By John-Henry Westen
  OTTAWA, September 29, 2008 ( – At the close of their 2008 Plenary Assembly which met in Cornwall, September 22-26, the Bishops of Canada issued a pastoral letter, titled “Liberating Potential,” which invites all the faithful “to discover or rediscover,” the message of the Encyclical Humanae Vitae, issued by Pope Paul VI in 1968. 

Although the Bishops’ statement did not address the infamous Winnipeg Statement – a document dissenting from Humanae Vitae which was issued by the Canadian bishops on September 27, 1968 and never recanted – the present document is in full conformity with Humanae Vitae.
“Abortion, sterilization and contraception are in opposition to the Creator’s intention at the heart of sexual intercourse, preventing, if God so desires, the creation of a unique soul for the unique body that the spouses help to form,” says Liberating Potential.
  The Plenary Assembly described the 1968 encyclical as a “prophetic document,” especially in view of “the troubling evolution of two fundamental human institutions, marriage and the family.” The message of the Canadian Conference of Catholic Bishops (CCCB) goes on to say that the family and marriage “continue to be affected by the contraceptive mentality feared and rejected in the encyclical of Pope Paul VI.”
  The Bishops of Canada point out what they say is an important link between Humanae Vitae and the “theology of the body,” developed by Pope John Paul II between 1979 and 1984. Their pastoral letter is in fact as much a discourse on theology of the body as on Humanae Vitae.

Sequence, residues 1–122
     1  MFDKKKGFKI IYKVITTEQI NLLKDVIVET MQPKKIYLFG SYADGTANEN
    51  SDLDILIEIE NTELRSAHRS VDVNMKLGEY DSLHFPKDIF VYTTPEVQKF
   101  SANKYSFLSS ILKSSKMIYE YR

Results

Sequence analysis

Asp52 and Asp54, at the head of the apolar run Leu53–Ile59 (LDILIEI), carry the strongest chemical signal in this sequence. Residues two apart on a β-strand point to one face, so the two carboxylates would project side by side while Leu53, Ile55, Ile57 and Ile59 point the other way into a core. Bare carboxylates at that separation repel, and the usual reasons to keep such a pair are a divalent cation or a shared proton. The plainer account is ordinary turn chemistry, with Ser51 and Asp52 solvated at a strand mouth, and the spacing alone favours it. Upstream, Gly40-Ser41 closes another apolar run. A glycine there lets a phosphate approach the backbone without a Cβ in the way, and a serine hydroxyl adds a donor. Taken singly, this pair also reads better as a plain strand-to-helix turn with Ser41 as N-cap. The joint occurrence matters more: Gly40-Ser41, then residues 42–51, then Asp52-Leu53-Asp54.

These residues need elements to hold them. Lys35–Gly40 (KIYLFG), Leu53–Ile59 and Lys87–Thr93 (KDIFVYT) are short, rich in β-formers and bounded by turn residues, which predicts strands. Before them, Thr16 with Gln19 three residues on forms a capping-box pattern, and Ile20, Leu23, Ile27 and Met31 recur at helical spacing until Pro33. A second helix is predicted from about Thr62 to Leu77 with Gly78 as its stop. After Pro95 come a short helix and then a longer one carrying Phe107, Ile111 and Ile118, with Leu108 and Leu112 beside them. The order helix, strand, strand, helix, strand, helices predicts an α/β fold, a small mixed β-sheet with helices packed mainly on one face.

“In short,” they say, “Pope Paul Vl’s encyclical Humanae Vitae and the subsequent ‘theology of the body’ developed by Pope John Paul II issue an immense challenge to a world that is too often occupied with protecting itself against the extraordinary life potential of sexuality.”
  In their message, the Bishops of Canada also call for a more profound reflection on married life and on the meaning of sexual intercourse. “Catholics and all men and women of good will” are encouraged to reflect on both in the light of Humanae Vitae and the “theology of the body.”  “Sexuality is a friend, a gift of God,” they state. “It is revealed to us by the Trinitarian God” who invites Christians and others “to reveal it in turn in all its grandeur and dignity to our contemporaries at this start of the third millennium.”
  The Bishops concluded, “In continuity with Paul VI and John Paul II and under the teachings of Benedict XVI, we invite Catholics and all men and women of good will to promote and defend life and the family.”
  John Pacheco, a director of The Rosarium, a Catholic group which has sought to have the Winnipeg Statement overturned, praised the new statement in an interview with “It’s a solid document and I think that it will go a long way to addressing a lot of concerns and fears of faithful Catholics,” said Pacheco.  “It effectively supersedes the Winnipeg statement,” he said. 
  Regarding the Winnipeg Statement Pacheco said it’s “no longer the official position of the Canadian bishops.”  While he maintains the Winnipeg statement should be formally retracted, Pacheco suggested that with the current document, the Winnipeg Statement is “de facto retracted.”  Pacheco said, however, that the new push for faithfulness to Humanae Vitae must go beyond the paper to application.

“There has to be a vigorous application of what’s in the document at the parish level which would impact counseling to married couples, teaching them the ‘why’,” he said.  Bishops have to commit themselves to teaching since there has been a vacuum in their teaching on the matter for forty years.”
  See the full pastoral letter here:


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